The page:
Unemployment Insurance Tax (FUTA): Federal

Unemployment Insurance Tax (FUTA/SUTA) requirements by state

Author: Alice Gilman


  • An employer is liable for Federal Unemployment Insurance Tax Act (FUTA) taxes if, for a calendar quarter of the current or preceding calendar year, it paid at least $1,500 in wages or employed at least one employee during some part of a day in any 20 or more different weeks. For FUTA purposes, employers include tax exempt organizations, small businesses organized as disregarded entities for federal tax purposes and public employers. Family businesses, however, are not liable for FUTA on wages paid to family members. See Wages Exempt from FUTA Taxes; FUTA-Covered and FUTA-Exempt Employees.
  • Not every payment to employees and not every service performed by employees are covered under FUTA. See Wages Exempt from FUTA Taxes; FUTA-Covered and FUTA-Exempt Employees.
  • Employers pay FUTA tax on the first $7,000 in wages paid to employees. The tax rate is 6%. Employers are allowed a maximum credit of 5.4% against state unemployment insurance taxes paid, which may reduce an employer's rate to as low as 0.6%. Under certain circumstances, employers can reduce their FUTA liability further. See FUTA Tax Rate and Wage Base.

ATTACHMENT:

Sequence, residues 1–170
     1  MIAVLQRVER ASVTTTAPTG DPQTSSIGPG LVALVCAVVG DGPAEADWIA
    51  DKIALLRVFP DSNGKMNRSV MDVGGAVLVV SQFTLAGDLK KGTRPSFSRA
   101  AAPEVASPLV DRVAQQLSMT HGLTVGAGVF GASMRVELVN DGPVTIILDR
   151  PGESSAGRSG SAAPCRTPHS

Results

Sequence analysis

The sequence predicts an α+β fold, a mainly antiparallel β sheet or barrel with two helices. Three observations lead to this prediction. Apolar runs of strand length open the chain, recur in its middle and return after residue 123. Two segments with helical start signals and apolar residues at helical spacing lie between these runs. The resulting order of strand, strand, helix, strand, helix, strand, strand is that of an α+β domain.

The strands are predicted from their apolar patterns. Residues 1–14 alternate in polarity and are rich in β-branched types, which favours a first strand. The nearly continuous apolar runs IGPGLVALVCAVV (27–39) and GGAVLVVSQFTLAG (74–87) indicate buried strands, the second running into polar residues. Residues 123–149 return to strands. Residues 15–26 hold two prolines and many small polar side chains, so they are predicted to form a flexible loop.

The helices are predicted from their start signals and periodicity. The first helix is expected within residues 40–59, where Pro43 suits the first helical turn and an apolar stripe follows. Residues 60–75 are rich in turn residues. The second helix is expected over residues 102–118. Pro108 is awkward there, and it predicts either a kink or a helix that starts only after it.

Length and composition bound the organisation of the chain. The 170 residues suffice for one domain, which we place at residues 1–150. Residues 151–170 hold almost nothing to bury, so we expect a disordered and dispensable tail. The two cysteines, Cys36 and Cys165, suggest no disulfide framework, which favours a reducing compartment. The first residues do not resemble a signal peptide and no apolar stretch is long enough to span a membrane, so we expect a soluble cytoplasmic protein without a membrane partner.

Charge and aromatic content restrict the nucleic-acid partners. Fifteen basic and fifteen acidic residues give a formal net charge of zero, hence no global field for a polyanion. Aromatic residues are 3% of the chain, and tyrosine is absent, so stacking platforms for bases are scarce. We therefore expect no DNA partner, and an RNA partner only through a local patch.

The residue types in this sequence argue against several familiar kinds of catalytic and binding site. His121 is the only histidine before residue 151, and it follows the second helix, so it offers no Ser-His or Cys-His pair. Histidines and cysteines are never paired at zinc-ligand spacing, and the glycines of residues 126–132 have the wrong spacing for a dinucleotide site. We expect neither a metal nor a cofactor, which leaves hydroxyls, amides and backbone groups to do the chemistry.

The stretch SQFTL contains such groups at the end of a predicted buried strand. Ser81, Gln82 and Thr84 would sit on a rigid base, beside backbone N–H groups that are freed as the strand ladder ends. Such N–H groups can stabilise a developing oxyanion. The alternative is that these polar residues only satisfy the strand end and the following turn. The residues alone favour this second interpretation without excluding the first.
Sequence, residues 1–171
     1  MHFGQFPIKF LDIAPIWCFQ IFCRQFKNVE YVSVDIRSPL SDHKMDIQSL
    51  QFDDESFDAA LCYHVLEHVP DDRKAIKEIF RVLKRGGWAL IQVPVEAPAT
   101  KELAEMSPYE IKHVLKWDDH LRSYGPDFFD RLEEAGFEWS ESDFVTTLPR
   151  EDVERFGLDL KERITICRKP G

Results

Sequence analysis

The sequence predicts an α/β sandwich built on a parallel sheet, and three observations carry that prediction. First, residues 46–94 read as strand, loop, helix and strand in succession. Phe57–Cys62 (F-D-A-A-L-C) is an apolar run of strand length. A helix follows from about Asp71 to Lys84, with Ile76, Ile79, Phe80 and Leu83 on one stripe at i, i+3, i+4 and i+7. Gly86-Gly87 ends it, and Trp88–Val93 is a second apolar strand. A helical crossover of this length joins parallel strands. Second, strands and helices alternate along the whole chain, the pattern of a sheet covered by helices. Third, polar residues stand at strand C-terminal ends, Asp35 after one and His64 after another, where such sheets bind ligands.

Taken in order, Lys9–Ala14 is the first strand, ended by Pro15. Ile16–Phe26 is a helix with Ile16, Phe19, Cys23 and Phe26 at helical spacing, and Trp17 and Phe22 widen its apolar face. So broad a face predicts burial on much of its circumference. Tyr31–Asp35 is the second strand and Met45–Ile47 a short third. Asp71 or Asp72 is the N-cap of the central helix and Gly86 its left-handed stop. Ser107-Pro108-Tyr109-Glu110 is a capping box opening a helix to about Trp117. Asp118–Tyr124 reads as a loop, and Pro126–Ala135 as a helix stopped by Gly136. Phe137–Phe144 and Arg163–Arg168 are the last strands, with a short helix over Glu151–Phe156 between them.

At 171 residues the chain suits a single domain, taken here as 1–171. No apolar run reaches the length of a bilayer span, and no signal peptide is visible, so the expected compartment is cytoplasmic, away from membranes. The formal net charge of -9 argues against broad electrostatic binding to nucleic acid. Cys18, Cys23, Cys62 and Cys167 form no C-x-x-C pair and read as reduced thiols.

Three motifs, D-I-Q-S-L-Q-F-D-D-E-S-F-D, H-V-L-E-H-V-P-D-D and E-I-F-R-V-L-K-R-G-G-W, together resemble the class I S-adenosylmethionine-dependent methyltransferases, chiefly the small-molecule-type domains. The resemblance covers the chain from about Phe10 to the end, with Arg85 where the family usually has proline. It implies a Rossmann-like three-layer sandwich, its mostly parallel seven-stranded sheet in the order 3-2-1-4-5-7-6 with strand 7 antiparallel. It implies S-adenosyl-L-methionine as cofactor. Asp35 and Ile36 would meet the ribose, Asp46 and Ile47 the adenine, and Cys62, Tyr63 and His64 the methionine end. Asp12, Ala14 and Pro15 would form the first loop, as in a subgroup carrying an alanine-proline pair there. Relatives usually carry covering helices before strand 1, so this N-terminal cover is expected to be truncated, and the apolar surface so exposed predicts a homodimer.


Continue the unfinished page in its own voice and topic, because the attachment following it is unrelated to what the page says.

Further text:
• Employers that accumulate more than $500 in FUTA taxes must deposit taxes quarterly by the last day of the month following the end of the calendar quarter. Deposits must be made electronically. Employers report their FUTA taxes to the IRS on Form 940, Employer's Annual Federal Unemployment (FUTA) Tax Return. See Depositing and Paying FUTA Taxes.
  • An employer is also required to pay State Unemployment Tax Act (SUTA) taxes. States have enacted laws under SUTA (a.k.a. SUI laws or taxes - state unemployment insurance laws or taxes) in order to pay benefits to employees who have lost their jobs through no fault of their own. While all SUI laws must conform to FUTA, these laws can vary greatly among states. Alaska, New Jersey and Pennsylvania require employees, in addition to employers, to pay unemployment insurance taxes. Five states - California, Hawaii, New Jersey, New York and Rhode Island - also have disability insurance laws that piggyback their unemployment insurance laws. See State Unemployment and Disability Insurance Taxes.